Higher education and the performing arts

When I became President of DCU in 2000, I was immediately drawn into the world of Ireland’s performing arts in various unexpected ways. Construction for the Helix, which was to be North Dublin’s main cultural centre, had begun in earnest, but we were all perhaps a little unprepared for the task of running it and making it pay (or at least not siphon off money from the rest of the system). I was also asked to join the board of the National Chamber Choir; and almost at once I was also having to grapple with the government’s then plans to establish an Irish Academy for the Performing Arts based in (but not integrated into) DCU.

At that time my experience of the performing arts was as a member of the audience. What struck me early on, however, was that the performing arts (like sport) should be playing a huge role in the university’s life; but what also struck me was that we were all fairly ignorant about how the arts work.

In Ireland there are performing arts programmes in at least four higher education institutions, whole others (including DCU) have been playing a leading role in supporting performers and performing groups in practice. In DCU, apart from the National Chamber Choir, this includes Classic Stage Ireland and all the things that go on in the Helix. Quite apart from the inherent intrinsic merit of drama, music and dance, the performing arts use techniques and encourage attitudes that are eminently transferable to other contexts including management.

Right now provision and support for the performing arts in higher education is scattered around the country and is uncoordinated. This slightly chaotic scene has produced significant uncertainty about future funding, about higher education infrastructure for the arts, and about the future of performing arts-focused institutions such the Royal Irish Academy of Music (RIAM, with degrees validated by DCU) or the Gaiety School of Acting.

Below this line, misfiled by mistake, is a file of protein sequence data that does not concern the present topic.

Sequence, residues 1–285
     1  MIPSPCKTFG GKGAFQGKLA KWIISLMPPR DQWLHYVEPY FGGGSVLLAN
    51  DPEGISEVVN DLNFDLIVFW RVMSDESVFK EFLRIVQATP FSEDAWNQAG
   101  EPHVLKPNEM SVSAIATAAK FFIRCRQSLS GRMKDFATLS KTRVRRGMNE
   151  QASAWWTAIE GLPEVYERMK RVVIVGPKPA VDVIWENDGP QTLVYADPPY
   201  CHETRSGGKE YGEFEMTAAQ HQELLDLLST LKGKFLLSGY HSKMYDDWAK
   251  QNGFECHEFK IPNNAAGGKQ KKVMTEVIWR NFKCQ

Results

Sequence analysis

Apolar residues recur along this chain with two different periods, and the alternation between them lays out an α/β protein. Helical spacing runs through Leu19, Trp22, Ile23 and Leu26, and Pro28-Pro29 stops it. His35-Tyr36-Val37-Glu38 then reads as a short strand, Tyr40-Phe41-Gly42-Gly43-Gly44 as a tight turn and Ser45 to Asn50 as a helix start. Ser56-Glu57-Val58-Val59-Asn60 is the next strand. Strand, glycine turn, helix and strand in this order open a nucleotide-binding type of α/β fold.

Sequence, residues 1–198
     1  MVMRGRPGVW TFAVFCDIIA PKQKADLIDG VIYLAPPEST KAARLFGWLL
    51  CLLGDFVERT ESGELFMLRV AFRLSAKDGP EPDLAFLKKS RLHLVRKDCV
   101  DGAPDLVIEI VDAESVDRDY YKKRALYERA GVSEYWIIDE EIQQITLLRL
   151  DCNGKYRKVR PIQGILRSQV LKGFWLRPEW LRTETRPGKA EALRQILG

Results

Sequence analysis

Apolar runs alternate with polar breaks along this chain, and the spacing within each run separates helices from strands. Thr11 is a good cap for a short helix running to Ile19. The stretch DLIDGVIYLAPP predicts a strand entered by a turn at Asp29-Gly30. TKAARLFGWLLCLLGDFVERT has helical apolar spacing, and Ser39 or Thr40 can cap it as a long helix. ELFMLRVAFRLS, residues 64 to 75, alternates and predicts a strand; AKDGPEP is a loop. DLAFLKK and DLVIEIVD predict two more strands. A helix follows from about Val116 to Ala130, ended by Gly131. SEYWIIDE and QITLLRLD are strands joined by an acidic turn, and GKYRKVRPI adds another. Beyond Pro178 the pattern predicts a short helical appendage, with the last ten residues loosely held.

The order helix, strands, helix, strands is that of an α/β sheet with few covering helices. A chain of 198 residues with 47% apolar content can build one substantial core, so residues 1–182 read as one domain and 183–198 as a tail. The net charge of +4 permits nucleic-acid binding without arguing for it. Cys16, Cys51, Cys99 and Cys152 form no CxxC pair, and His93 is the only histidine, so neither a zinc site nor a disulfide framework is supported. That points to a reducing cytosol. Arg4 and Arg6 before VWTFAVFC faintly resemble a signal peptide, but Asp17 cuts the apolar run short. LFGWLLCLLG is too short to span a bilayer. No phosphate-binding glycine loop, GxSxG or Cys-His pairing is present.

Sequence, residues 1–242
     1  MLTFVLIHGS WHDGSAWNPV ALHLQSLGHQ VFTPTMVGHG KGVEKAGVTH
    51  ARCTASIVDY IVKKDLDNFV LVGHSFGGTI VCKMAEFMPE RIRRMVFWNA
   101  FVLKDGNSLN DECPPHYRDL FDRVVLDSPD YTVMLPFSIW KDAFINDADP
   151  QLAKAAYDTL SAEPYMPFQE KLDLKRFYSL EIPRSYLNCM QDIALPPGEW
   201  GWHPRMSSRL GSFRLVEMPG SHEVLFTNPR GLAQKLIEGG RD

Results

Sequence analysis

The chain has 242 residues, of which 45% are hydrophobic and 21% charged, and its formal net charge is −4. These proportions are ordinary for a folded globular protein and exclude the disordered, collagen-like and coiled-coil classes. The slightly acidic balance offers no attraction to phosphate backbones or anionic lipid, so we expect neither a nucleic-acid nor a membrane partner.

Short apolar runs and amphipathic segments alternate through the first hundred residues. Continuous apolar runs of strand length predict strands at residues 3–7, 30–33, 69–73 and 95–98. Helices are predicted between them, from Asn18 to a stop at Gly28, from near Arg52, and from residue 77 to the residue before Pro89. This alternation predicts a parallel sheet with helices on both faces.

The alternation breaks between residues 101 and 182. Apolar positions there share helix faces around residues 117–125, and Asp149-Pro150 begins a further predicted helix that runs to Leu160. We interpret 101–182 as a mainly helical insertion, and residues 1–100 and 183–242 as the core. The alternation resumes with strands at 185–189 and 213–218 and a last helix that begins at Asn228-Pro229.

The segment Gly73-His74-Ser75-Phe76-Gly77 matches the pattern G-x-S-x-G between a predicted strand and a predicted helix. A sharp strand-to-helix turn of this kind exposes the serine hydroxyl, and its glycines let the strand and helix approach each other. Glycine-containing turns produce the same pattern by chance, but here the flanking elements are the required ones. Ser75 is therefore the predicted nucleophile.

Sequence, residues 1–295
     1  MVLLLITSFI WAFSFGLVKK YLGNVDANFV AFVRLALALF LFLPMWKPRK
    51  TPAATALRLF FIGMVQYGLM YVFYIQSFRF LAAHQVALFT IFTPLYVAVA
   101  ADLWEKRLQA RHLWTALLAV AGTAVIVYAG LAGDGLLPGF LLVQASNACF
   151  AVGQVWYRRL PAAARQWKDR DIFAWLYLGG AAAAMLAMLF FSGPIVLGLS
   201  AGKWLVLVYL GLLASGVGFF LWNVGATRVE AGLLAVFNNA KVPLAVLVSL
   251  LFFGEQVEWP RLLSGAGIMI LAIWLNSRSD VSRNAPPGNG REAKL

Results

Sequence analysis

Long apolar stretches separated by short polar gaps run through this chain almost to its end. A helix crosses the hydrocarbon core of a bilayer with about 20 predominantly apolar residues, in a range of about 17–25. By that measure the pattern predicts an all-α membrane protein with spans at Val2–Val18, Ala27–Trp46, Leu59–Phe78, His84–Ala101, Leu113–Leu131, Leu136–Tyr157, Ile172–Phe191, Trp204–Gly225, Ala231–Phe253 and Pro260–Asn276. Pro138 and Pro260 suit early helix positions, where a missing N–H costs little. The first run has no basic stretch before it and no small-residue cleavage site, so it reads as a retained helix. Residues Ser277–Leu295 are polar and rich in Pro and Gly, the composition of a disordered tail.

The arts are also part of what makes a country attractive to investors. To maximise their impact, the current higher education providers of arts programmes or activities should at their own initiative coordinate their efforts much more and offer shared programmes. It is an area that needs to be taken much more seriously.

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5 Comments on “Higher education and the performing arts”

  1. Vincent Says:

    Isn’t this a bit like saying that education is a bad thing. That anyone who makes such a statement might as well stamp a patent of idiot on his forehead.
    However is it not also like that report from RTE this morning about the new heart drug. Where they are including Arklow in the mix as if Arklow has had a impact of the developement.

  2. Al Says:

    Arts should also learn how to perform financialy too.
    A healthy performing arts community is one that can sustain itself.

  3. Mark Dowling Says:

    @Al – It’s interesting to speak of an “arts community”. In theory, a community should be self-sustaining, with some parts profitable, others not and the former helping out the latter.

    To the outsider, it seems like the profitable bits of the arts keep their money (tax free, to a certain extent) while the unprofitable bits are required to seek funding from general taxation. This is an overly simplistic view, since at least some sales and income taxation accrues from arts endeavours, but it’s probably worth serious study.

    Our host said: “the performing arts use techniques and encourage attitudes that are eminently transferable to other contexts including management.” But how many members of those arts would fancy swapping a grant system simply for being an artist for becoming a sort-of academic, and how would the teaching unions welcome this involvement?

    • Al Says:

      Transferable techniques attitudes….?

      Now that I think of this, it is an important point.
      Alot of arts exist on a shoestring and create materials from pocket change.

      ~If only the public purse was managed by such techniques….

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